· The President of the Bishops of England and Wales at a meeting with young people ·
Instead of turning to consumerism, look deep within yourselves in silence and prayer to open the door of the light to Lord. It was Archbishop Vincent Gerard Nichols of Westminster, President of the Bishops' Conference of England and Wales, who voiced this invitation to thousands of young people at the Flame National Youth Congress at Wembley Arena. The event, inspired by the Pope's Visit in 2010 to the United Kingdom and by the Olympics which will be held in the country this summer, enjoyed the warm participation of many youth organizations and several athletes, including participants in the past Olympic games and those who will participate this July.
The episcopate in Great Britain has launched a strong awareness campaign of educational values through sport. During the Visit of Benedict XVI in 2010 the “Pope John Paul II Foundation for Sport “was inaugurated, which promotes the teachings of Blessed John Paul II through sport. Archbishop Nichols underlined his support for the foundation at the inauguration which strives to use “sport to try and introduce to young and old alike the importance of health, the dignity of our bodies, the care of physical well-being and its spiritual meaning”.
The main moment of the encounter at Wembley Arena was eucharistic adoration, presided by the bishops, where they reflected on risks which come from the fragility of the youth in the face of various cultural patterns centred on external rather than internal gratification. “Today there are many voices in the media and in advertising”, he stated, “telling you what to wear, how to look, what size you should be, what clothes you should buy. And there is a risk that if we do not look like that, cannot afford to dress like that, somehow we are made to feel second class. That can lead us to think very negatively about ourselves”.
“It is good for you to know what the Catholic Church thinks of you, what Christ thinks of you. Let me tell you what that is: You are God-given, precious, loved and loveable. You do not need to conform to someone else’s image of perfection; instead, look deeply within, pray, discover and recognise your gifts and talents, and then live them” the Prelate affirmed. And these gifts and talents, he concluded - drawing on the Pope's words - will contribute to assuring that “your lives will bear abundant fruit for the growth of the civilisation of love”.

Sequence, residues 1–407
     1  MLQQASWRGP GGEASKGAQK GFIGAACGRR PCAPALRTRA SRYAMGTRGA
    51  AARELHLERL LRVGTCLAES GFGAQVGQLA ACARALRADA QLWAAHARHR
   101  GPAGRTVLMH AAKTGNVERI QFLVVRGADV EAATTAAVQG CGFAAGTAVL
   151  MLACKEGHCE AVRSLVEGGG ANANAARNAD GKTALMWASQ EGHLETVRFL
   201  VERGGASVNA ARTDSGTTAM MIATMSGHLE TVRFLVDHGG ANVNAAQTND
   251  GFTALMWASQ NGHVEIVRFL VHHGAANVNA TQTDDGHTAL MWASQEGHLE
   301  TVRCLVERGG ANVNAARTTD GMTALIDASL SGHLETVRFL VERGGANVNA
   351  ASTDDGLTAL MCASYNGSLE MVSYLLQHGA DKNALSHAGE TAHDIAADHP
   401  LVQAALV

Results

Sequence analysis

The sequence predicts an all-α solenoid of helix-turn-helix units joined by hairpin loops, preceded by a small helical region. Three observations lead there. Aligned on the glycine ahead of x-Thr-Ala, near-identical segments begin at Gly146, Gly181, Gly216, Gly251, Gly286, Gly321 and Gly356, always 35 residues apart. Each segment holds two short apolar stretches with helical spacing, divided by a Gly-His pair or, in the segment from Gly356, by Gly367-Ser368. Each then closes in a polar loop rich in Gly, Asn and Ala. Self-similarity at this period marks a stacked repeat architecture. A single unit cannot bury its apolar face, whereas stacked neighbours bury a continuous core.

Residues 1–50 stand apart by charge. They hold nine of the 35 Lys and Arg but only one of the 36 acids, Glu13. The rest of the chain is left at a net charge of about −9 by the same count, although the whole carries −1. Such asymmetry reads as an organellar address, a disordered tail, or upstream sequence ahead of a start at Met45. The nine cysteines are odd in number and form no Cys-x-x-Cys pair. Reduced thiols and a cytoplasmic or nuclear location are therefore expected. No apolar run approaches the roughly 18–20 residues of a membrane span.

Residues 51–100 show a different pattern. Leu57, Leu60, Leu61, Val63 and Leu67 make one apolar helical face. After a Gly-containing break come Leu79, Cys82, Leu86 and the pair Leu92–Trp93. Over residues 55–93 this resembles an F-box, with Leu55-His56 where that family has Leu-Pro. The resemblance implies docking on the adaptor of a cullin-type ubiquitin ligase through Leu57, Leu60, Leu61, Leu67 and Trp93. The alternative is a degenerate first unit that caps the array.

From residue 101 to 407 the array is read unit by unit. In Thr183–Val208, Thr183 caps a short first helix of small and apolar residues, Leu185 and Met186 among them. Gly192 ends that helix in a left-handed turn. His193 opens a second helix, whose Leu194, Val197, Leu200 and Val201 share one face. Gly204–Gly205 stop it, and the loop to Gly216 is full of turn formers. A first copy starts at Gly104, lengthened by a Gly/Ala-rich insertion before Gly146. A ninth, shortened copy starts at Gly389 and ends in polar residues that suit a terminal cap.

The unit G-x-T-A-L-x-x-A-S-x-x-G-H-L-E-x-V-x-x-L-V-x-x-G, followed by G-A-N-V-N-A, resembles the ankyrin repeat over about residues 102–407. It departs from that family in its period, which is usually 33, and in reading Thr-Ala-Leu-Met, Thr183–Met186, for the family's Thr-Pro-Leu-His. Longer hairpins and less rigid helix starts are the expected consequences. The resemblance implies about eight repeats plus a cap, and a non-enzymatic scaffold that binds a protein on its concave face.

Also during the meeting the President of the Episcopal Conference called the attention to the youth to an image which further expresses this idea. “There’s a famous painting called ‘The Light of the World’”, he observed, “It shows Jesus holding a burning lamp, knocking on a closed door. At the first showing of the painting, the artist, Holman Hunt, when asked why the door had no handle, replied it was because the door on which Jesus knocks can be opened only from the inside”. That door, the Archbishop of Westminster added “is the door of our hearts. The Lord’s knocking upon our hearts isn’t the noise of one demanding entry, rather the enquiring knock of one seeking us out in gentleness and love”. The one who knocks is therefore “the light of the world, by which we see things as they truly are: ourselves, our actions, our neighbours, our family, our society, and our pathway ahead.”
Others, the Archbishop continued “try to cast a different light on all these things. There are some very bright lights around: blinding lights whose brightness stuns us, causing us to lose our sense of balance; strobe lights beguiling and seducing us with their rhythm and effects so that we lose our
inner self and become simply part of a mass movement”. But the light of Christ, he said, is “steady, warm, inviting. It’s a revelation, not a personal invention. It’s a gift offered from outside of us, yet longing to find a home within us, to penetrate the darkness we so easily sense within ourselves”.
St. Peter’s Square
Jan. 22, 2020
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